With the help of Millrose Music I was able to finally find a copy of The Good Ship Galleon. With the passing of Shirley Temple I thought it was appropriate. RIP… In October of 2000 we recorded the song with Jesse Jaymes, Lucy Woodward and me – Cleveland D. Not my proudest moment, but whatever – I’d do it again.
Here is the part of the book that talks about the rap song.
One morning, the guy Raj hired to plan the party and arrange for the talent, which included headliner Diana Ross, walks in the door. A hip-looking, tall dude with shaggy blond hair, there’s something about him I like immediately. Maybe it’s his entrepreneurial manner, or that his company seems ultra-creative—along with having him plan the whole party, Raj has also commissioned him to write a rap theme song for Galleon. Or maybe he represents a non-Wall Street part of me I’ve almost completely forgotten. He introduces himself as Jesse Itzler, and then I realize he also goes by the rap name Jesse Jaymes.
“Hey Jesse,” one of my desk mates yells out. “Turney here is a rapper.” I turn a baby girl’s nursery shade of pink. “That so,” he says, nodding his head in approval. “What’s your rap name?”
I contemplate choking on a pen cap so I don’t have to tell him. I remember coming home from the beach in 1991 and watching Yo! MTV Raps where he performed “Shake It Like A White Girl” and “College Girls Are Easy.” I knew he’d won an Emmy for “I Love This Game,” a rap song he’d written for the NBA, and he also wrote the New York Knicks theme song, “Go New York, Go New York, Go.”
“Cleveland D,” I say, finally.
“Nice,” he says.
Now, calling me a rapper is, to say the least, a bit of a stretch. It’s true I love hip-hop. And it’s also true that in 1988 I formed a rap group called “Maximum Intensity” with my best friend, Nathaniel, who called himself Live T. Most of our other friends hated rap music. But we were in high school in Kennebunk, certainly one of the most un-hip-hop places on earth, and we mostly performed in Nathaniel’s barn to an audience of zero.
A couple of days later, the phone rings at the desk and it’s Jesse. He wants to know if I’ll help him with the lyrics for the Galleon theme song. “Really?!” I say, in a voice that is embarrassingly high-pitched. But I follow up with a very manly, “Sure, love to.” After all, though it might be a big jump from Nathaniel’s barn, when will another opportunity like this come along?
I meet Jesse at the studio a week before the party. It’s on the Upper West Side in the basement of a building. I’m not sure I’m in the right place until I find the buzzer, above which a small tag reads “Milrose Music.” I walk down the dark rickety staircase. The carpet is dark, the walls are dingy and the whole place smells musty, but the studio looks professional. There’s a couple of recording booths, the engineer’s table in the middle and a couch and chairs in the back. The engineer sees me and says, “Sup?”
With only a week to write, record and produce the song, I don’t understand how he’s going to get it done in time. I prepared for our meeting for a week or rather I worried about our meeting for a week. I wanted to prepare, but I didn’t know where to start. I had come up with one idea for the hook, but it seems foolish now. I sit on the couch and Jesse sits on a chair across from me and begins asking me questions about Galleon: what it’s like to work there, what’s Wall Street’s perception of the firm. I tell him one of the names the Street calls Galleon is “the good ship.” And that’s when my one idea pops out of my mouth. Why don’t we sample the song “On the Good Ship Lollipop” but change the lyrics to “On the Good Ship Galleon?” I ask.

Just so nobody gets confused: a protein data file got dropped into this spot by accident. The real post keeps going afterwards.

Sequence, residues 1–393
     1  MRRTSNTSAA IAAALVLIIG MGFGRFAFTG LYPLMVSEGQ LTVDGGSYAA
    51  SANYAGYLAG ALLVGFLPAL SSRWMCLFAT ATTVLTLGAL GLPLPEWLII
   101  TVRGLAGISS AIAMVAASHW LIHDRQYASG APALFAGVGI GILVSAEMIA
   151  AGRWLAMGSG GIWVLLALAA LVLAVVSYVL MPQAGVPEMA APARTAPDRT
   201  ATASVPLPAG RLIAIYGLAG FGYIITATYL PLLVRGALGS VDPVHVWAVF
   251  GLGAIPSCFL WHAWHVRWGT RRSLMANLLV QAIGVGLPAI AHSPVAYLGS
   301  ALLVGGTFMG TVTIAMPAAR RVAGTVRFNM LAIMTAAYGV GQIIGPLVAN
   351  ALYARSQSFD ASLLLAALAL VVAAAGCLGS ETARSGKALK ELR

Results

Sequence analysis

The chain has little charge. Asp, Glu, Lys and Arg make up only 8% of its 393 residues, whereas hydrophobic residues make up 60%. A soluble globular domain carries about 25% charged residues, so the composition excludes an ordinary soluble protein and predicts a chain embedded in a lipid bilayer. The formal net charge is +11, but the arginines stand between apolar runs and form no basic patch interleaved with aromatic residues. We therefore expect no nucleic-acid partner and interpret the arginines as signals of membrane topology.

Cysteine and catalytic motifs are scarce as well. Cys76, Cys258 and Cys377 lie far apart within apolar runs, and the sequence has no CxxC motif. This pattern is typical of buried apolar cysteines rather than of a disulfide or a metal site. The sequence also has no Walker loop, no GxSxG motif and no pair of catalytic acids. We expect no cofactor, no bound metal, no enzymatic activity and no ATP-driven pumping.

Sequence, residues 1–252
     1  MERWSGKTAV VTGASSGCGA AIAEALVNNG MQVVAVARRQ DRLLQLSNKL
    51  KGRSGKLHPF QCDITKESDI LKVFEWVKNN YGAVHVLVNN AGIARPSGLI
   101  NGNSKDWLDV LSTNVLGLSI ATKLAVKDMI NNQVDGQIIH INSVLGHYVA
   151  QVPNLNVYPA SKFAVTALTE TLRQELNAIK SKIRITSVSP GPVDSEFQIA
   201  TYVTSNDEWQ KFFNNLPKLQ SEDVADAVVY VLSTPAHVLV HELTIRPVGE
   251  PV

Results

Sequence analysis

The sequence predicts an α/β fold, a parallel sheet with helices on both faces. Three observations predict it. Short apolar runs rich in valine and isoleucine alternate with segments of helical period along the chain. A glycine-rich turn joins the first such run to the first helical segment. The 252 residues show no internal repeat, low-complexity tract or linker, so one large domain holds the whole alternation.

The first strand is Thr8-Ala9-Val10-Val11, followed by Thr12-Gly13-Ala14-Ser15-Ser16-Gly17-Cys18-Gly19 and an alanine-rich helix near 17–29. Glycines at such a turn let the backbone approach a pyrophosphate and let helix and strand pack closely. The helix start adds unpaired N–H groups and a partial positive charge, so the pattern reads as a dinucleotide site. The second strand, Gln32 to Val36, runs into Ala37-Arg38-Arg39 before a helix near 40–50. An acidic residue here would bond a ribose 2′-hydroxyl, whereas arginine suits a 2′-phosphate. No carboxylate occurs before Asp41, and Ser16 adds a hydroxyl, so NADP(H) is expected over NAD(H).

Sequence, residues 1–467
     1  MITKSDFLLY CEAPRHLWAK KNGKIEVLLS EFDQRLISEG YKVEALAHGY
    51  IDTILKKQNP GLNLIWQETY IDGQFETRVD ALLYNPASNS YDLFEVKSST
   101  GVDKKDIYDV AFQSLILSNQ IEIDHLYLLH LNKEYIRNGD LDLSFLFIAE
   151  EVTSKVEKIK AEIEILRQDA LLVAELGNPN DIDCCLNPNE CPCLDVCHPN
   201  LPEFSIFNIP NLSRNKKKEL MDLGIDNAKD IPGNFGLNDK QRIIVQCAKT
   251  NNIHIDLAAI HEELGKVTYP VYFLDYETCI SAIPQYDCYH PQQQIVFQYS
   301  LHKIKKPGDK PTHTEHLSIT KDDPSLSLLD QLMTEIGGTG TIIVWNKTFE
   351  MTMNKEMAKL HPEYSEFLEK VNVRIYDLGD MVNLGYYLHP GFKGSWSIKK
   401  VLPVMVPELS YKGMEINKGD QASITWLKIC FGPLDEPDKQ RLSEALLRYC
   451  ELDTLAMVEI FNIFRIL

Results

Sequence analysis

His face breaks into a smile. “Cleveland D!” he belts, his head pumping up and down. I breathe a sigh of relief.
I start to relax and the lyrics began to flow: It’s the Good Ship Galleon… When Wall Street has a rally on… When Trader’s trade… Everybody in the place gets paid… Shirley Temple would be proud. Jesse has a female vocalist lay down the chorus. Then, with all of my notes and suggestions, he gets into the booth and starts to rap. I’m in awe. In less than twenty minutes he’s done. “Your turn,” he says. Jesse had suggested I rap a few lines or in his words, eight bars. At first I was excited, but now I’m nervous. I think about Nathaniel and all those afternoons and evenings we’d spent practicing, mimicking the latest hit, or coming up with our own rhymes. I need to do this.
The engineer plays the track of Jesse’s last line so I’ll know where to jump in. I have to finish his line and rhyme it with CNBC. Here’s what I do: “And me, Cleveland D…,” I begin. “Hit me, bid me, I need liquidity… Stopped me on five? Stupidity… I’m at Galleon where it all connects, trading healthcare and biotech… When I finish, the producer looks at me with an “are you serious?” expression. He plays it back and I sound awful, like a tone-deaf robot. I try it again with little improvement. Nine more times we lay it down. And nine more times the producer shakes his head back-and-forth. Finally, on the eleventh try, he shrugs and my first (and only to this point) rap recording is born. So I don’t sound like Chuck D or Ice Cube or even Vanilla Ice for that matter. I have a CD I can send home to Nathaniel, which he can play as loud as he wants, and silence all the haters in Maine.
I don’t know – if you’re coming off of an up 93% year – aren’t you supposed to make a rap song?